Jeff B wrote:
Hunterseeker5, Wecolme to the forum.
10 degree inclusive freehanding, I SERIOUSLY doubt it.
Hunterseeker5 wrote:.....Okay, hand grind any of the potentially damaged steel off, and apply a fresh apex. I did this, leaving the knife with a beautiful high finish (something like 10K grit) at 10 degrees inclusive. My next culinary exploit was twin nested stuffed pork loins, so I found myself cutting that thin plastic vacuum packaging you find frequently on cured meats. This resulted in visible deformation to the apex up to .5mm deep, and further rippling above this. Clearly this is not an acceptable behavior for a knife. I continued to use it anyway, just to see if the issues extended through the entire blade rather than just at the tip, and after about 4 onions, a red pepper, some raw meat (boneless), and some mushrooms the edge had been completely ruined; there was visible damage, I didn't scope it to see if it was entirely deformation or if there were fractures as well, along its entire length.
But for the sake of argument lets say OK. In your own words you did a lot more than just open a plastic bag to trash the edge.
I would expect any knife with a 10 inclusive edge to fail under these conditions. And before you go repeating the same babble about razors and crap, we are talking about kitchen knives. Disposable razors and straight razors alike are totally different animals for completely different purposes. Different steel qualities, different steel types, heat treatments, fabrcations, and on and on.
You need to compare apples to apples.I don't believe you have put a 10 degree inclusive edge on any kitchen knife and it performed well.
You would have to show me a video measuring the angle and then you using the knife to get me to believe that. Sorry for the skepticism but as Jason said, this story just doesn't add up.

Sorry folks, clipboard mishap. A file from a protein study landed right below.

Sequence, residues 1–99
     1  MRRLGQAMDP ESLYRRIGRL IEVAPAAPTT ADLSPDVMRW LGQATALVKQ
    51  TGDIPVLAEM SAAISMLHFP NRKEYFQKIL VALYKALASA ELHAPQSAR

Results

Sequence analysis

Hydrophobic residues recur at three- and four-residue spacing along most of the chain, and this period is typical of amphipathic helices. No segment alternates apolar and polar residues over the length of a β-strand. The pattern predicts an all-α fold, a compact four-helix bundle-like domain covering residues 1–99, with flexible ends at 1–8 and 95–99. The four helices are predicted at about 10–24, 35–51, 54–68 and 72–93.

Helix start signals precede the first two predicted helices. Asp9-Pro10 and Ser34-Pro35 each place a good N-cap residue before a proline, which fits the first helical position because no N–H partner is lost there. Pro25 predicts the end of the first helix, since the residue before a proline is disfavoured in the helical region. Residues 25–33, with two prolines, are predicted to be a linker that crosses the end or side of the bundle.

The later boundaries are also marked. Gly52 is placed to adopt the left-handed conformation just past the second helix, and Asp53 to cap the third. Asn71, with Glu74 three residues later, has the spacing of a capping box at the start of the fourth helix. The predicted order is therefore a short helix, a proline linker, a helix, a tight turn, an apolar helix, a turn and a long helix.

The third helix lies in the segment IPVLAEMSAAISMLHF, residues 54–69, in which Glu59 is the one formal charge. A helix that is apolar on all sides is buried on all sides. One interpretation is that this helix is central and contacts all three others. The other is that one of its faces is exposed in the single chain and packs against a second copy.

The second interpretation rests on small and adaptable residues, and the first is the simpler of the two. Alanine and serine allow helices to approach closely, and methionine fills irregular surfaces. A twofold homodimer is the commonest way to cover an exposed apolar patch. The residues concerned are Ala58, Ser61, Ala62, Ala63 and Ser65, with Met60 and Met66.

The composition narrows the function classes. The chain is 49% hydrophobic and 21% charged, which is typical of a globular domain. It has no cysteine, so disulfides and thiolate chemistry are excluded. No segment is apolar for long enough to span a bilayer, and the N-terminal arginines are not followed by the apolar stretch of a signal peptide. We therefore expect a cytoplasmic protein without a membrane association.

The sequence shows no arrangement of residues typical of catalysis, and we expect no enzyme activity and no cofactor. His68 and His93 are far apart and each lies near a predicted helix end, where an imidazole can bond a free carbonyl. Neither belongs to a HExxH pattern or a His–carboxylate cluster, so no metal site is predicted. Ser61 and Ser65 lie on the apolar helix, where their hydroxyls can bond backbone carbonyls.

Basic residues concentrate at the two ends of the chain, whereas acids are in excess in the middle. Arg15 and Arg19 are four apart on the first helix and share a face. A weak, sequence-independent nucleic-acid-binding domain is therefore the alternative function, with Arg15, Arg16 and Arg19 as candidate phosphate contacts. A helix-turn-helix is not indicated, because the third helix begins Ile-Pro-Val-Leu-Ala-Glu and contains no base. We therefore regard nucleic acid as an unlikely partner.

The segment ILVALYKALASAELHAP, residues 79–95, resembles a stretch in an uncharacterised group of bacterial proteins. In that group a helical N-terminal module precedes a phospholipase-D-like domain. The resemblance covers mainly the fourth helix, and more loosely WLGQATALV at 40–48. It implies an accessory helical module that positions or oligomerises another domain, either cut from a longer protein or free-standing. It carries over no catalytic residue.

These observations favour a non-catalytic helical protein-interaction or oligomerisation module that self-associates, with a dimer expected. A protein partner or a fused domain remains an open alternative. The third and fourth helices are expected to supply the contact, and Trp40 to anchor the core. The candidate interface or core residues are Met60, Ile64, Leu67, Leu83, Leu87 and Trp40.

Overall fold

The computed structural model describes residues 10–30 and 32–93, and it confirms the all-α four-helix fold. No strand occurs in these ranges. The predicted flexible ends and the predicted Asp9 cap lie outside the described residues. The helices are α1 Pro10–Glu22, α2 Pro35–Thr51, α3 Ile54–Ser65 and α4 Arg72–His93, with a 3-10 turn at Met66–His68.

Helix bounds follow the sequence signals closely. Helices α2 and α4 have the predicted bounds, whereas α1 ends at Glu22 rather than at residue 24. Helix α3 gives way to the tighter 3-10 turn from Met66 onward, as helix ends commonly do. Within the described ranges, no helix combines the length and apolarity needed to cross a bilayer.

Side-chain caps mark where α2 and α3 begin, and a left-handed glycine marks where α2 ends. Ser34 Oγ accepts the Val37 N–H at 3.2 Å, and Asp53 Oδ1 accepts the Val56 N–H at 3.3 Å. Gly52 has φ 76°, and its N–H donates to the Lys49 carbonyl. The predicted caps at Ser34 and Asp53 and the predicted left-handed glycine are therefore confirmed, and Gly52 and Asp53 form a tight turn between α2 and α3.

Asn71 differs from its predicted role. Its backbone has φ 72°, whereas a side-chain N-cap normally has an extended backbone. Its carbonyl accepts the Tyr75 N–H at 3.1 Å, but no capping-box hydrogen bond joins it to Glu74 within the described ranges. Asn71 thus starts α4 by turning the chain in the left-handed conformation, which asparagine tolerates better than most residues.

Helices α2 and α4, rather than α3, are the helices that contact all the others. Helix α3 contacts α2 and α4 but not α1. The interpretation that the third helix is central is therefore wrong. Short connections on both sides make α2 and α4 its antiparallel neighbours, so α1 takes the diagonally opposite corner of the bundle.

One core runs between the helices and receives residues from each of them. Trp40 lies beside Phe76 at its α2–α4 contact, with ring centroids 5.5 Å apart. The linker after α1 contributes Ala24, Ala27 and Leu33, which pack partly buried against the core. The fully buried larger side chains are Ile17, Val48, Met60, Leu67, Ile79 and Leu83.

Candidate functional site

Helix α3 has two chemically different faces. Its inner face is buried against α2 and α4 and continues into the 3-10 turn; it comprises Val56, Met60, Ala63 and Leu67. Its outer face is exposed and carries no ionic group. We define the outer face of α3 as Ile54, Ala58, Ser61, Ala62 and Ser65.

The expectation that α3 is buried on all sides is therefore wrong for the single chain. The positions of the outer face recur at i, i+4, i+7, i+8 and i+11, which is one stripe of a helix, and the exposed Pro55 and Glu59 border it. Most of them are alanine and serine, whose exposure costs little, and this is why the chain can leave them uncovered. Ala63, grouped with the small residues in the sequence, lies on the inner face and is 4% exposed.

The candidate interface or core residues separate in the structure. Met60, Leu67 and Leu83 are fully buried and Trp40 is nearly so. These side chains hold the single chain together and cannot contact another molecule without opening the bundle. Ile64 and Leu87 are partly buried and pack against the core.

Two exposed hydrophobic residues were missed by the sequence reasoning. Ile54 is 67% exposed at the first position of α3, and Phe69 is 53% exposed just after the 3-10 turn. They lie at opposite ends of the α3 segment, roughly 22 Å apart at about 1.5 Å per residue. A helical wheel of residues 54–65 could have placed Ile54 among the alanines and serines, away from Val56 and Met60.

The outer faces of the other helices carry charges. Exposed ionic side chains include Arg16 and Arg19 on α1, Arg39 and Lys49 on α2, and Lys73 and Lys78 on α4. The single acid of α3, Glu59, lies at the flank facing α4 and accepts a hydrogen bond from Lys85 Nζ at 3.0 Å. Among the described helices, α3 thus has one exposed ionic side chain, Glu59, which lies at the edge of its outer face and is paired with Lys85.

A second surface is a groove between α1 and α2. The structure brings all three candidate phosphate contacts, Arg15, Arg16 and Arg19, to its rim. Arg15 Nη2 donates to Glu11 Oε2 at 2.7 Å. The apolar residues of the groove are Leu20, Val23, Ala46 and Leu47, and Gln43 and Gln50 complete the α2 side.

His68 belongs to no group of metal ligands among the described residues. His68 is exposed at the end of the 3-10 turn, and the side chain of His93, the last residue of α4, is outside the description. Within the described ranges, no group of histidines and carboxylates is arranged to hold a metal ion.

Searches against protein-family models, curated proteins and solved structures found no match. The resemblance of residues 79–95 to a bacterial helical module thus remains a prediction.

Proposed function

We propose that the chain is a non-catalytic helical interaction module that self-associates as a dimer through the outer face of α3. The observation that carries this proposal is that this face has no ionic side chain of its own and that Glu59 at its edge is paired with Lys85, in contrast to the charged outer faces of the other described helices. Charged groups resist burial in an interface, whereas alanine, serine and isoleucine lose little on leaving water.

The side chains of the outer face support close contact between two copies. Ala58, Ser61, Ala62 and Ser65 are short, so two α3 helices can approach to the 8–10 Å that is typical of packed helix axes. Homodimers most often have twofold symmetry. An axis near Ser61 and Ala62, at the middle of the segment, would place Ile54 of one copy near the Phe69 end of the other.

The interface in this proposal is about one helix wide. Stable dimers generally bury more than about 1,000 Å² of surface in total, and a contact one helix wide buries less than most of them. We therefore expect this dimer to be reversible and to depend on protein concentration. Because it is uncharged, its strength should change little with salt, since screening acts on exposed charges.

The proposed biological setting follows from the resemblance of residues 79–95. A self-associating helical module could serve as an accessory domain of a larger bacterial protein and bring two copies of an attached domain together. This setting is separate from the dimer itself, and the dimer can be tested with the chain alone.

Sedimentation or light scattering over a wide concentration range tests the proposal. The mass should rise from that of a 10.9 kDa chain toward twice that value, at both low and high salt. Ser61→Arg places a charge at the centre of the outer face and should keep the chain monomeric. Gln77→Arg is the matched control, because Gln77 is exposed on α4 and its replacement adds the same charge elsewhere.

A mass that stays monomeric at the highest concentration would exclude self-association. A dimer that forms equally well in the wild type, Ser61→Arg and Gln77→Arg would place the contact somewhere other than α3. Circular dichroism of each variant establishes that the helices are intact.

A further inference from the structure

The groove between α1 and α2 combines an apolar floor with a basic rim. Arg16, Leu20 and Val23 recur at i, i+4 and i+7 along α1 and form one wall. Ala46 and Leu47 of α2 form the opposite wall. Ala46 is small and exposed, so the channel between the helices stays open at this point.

Enjoying the conversation though. Maybe I'm wrong and will learn something, you never know!
First off, I didn't say I applied the 10 degrees inclusive apex by hand, I said I reground it by hand (actually at a lower angle, but thats not the point) then apexed it. Not sure why that is so implausible to you though, because straight razors are almost exclusively hand ground and its quite frankly not that difficult. (try it some time, seriously)
A few things regarding the "plastic bag." First, I saw the damage prior to trashing the edge on those vicious veggies.
I bolded this, but I thought it merited quoting again:
"Disposable razors and straight razors alike are totally different animals for completely different purposes. Different steel qualities, different steel types, heat treatments, fabrcations, and on and on."
In this case most of all, this is actually definitively incorrect. AEB-L is SPECIFICALLY a razor blade steel, and if you read the description on the knife even Richmond alludes to this. I'll even save you the trouble of looking it up for yourself: